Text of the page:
This was part of Fantasy Factions grouping and has since been eliminated, but received fairly positive review calling it a solid book. Review here: http://fantasy-faction.com/2017/spfbo3-the-next-five-fall
Akiri is the son of a man who defied his King because he had gone mad with power. King Zebel got his hands on the Sceptor of Xarbaal, which is an ancient relic that belonged to the God of Death, Xarbaal. Akiris father hid the artefact away from the King, and so Zebel had him killed and then raised his son to be absolutely and fanatically loyal to him.
Akiri is absolute in his loyalty, which is ensured through an Oathstone, which connects Akiri with the King who has powerful magic. Under this Oathstone it’s impossible for Akiri to tell a lie to the King, but he is also granted serious powers through this stone as well, keeping him connected to the Kings magic. He’s faster, stronger, and a better fighter than most men in the world, and can defeat that which is thought to be undefeatable.
Eventually, the King sends him on a mission to trick his estranged uncle into thinking he’s abandoned the King in order to rekindle relationships with his family. Up until this point, Akiri has no memory of the past and doesn’t know or care why his father died and has had no contact with any family member. In order to do this, his connection with the Oathstone is broken, and his powers are diminished and he becomes a normal man who’s good with a sword.
Along the way, he meets a dragon which awakens old powers within him, and it begins his journey of doubt – does he stay loyal to the king and betray his uncle, or does he have a change of heart?
Final Score: 7.5/10
This is a mostly single POV story with a brief interlude chapter from another character you’re already acquainted with.
Akiri is a surly fellow without a sense of humor and doesn’t do much in the way of leisure activity – not really a hobby guy. Akiri’s main focus in life is his devotion to his King. He gets one task done and then starts on the next without hesitation or thought. If the King asks him to do something, it gets done regardless of who gets in the way. I wouldn’t call him a “bloodthirsty” person, if he can get around killing people who don’t deserve it, he’ll avoid it if possible. However, he doesn’t put a ton of effort into avoiding it, and he has no qualms at all mowing people down if he deems it necessary for his end goal. This isn’t a character where killing people “haunts” him, he even views death as a mercy for many of those he kills and wouldn’t want to live another lifestyle.
Once the dragon gets into the picture his views start to change, mostly because the King has strictly outlawed dragon riding and has viciously slaughtered all the dragons within his reach, and encourages the slaughter of them elsewhere.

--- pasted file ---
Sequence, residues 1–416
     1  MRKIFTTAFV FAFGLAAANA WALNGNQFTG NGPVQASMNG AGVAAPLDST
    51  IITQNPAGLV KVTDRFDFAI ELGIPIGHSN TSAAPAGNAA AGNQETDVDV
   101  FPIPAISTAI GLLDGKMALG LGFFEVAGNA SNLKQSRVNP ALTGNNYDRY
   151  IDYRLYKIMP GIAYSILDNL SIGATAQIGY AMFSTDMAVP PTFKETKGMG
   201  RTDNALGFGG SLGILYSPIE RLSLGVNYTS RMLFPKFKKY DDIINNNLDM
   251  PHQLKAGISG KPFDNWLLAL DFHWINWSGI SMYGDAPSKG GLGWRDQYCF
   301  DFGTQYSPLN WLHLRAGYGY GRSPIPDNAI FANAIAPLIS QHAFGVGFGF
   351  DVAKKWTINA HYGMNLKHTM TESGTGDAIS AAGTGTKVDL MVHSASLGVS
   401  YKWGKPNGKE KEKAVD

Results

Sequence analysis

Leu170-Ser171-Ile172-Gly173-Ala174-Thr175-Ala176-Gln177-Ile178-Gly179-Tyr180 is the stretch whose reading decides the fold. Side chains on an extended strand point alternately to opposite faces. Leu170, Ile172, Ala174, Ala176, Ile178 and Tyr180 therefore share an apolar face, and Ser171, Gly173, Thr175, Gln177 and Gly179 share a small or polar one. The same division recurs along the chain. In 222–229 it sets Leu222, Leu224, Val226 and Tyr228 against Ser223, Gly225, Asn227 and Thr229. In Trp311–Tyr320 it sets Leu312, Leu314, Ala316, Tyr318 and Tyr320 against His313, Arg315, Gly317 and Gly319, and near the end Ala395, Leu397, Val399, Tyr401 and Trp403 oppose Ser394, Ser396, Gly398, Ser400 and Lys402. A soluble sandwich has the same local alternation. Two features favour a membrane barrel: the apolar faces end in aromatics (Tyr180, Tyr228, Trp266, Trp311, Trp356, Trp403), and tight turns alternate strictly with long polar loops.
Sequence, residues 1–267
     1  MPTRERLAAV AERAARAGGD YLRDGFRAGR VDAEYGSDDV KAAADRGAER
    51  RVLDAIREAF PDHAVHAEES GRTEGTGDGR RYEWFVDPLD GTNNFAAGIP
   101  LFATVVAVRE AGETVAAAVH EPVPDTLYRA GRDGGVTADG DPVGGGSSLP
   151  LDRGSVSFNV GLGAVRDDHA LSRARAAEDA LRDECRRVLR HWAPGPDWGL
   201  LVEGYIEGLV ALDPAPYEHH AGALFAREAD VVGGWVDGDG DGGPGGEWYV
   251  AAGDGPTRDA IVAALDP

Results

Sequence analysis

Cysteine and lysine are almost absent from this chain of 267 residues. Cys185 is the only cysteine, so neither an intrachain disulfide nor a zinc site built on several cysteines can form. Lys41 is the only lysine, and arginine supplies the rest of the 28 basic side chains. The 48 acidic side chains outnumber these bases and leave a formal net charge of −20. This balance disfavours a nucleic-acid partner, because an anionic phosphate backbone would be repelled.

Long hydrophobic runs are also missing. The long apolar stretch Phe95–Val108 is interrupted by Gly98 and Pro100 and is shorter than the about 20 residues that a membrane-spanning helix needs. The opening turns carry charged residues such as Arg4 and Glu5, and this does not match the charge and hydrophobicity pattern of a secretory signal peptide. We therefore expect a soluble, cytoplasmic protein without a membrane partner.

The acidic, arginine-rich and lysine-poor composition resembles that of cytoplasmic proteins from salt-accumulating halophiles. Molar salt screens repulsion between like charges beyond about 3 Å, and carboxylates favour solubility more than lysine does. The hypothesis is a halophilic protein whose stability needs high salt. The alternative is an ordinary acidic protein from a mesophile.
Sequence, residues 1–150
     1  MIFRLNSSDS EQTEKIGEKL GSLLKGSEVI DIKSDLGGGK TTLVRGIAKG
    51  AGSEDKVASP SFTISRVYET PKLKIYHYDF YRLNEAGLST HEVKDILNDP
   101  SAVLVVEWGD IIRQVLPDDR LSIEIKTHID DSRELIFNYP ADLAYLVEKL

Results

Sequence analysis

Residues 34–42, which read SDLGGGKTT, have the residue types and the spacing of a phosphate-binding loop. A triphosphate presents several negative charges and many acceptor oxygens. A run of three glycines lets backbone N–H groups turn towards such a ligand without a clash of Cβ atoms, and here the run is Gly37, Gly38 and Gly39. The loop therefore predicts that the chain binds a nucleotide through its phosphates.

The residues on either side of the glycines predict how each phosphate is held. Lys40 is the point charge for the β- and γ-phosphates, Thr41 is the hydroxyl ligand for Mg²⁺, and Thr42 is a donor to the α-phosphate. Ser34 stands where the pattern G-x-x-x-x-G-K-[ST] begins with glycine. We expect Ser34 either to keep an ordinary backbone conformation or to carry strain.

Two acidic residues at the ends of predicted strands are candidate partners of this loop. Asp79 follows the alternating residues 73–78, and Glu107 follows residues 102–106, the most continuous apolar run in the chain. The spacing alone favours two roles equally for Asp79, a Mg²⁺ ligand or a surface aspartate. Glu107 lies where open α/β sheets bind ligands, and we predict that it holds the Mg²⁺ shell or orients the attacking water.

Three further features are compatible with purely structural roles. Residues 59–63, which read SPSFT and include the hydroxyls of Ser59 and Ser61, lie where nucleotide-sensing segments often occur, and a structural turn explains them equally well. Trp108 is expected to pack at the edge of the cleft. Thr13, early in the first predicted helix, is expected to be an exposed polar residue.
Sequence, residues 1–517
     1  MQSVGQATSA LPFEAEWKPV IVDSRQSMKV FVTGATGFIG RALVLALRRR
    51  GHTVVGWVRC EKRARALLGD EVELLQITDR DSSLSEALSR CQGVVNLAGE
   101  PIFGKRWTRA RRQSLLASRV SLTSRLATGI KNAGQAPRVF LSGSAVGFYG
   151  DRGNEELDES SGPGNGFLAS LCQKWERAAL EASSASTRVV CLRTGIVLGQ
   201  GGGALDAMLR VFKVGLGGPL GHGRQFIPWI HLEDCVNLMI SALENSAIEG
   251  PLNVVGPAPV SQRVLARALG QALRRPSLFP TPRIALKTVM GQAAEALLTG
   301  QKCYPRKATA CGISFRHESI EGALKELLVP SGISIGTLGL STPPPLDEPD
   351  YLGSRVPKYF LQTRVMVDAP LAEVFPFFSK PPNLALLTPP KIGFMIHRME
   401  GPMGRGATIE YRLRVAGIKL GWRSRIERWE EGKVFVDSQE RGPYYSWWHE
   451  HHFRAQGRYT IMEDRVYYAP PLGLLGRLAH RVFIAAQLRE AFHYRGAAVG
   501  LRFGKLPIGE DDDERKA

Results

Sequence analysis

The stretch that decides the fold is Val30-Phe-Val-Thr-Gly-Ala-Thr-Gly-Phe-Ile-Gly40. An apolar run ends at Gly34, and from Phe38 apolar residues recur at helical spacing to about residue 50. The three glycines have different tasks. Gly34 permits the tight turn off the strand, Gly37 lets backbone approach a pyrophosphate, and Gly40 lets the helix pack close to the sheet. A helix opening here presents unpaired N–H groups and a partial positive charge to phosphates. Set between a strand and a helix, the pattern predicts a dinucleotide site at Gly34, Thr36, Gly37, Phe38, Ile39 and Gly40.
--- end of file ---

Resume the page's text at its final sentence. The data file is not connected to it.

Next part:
Overall he was an interesting character and would appeal to those looking for serious swordplay and killing.
Final Score: 7/10
The Gods appear to be real in this world, and what I found most interesting where these two demons that would visit Akiri in the form of small children. They were creepy and confusing, each claiming that the other was evil and not to listen to them.
Dragons can bind themselves in a way to humans, creating a unique connection that allows for telepathic communication of sorts. The longer the human and dragon are bound together, the more clearly the thoughts come through. At first it was just emotions, but towards the end of the book, small sentences were being formed by the dragon. She’s fiercely loyal to him and has more of a conscience than Akiri does, often forcing him into the “right” decision even if he doesn’t want to.
Humans can bind their souls to demons to create a creepy race called the Volkar which become immortal as long as they feed on the souls of people at the moment of death. Insanely strong and incredibly fast they make for great assassins. They enjoy torturing and playing with their victims and one is sent after Akiri.
Final Score: 8/10
The tone was rather bleak and kind of “dark”, there certainly wasn’t any joking around levity characters. With demons and assassins plaguing him along the way, the pace was pretty quick, there wasn’t a ton of downtime.
Pacing Final Score: 7/10
Writing Final Score: 8/10
I haven’t read many perspectives on ‘slaves’ that have been brought up in quite this way, but I have read a bunch of slave POV’s before.
The dragon riding thing has been done a lot, but the telepathy between rider and dragon hasn’t been done nearly as often.
Overall the world felt different and new.
Final Score: 8/10
- For people who like powerful main characters
- For people who like dragons
- For people who like animal companions
- For people who like darker, grittier worlds
- For people who don’t mind sex scenes and cursing
- For people who prefer single POV
- For people who like monsters and demons
- For people looking for a lot of action
- For people who like magic filled books
Total Final Score: 45.5/60 or 7.58/10 or 4 stars on goodreads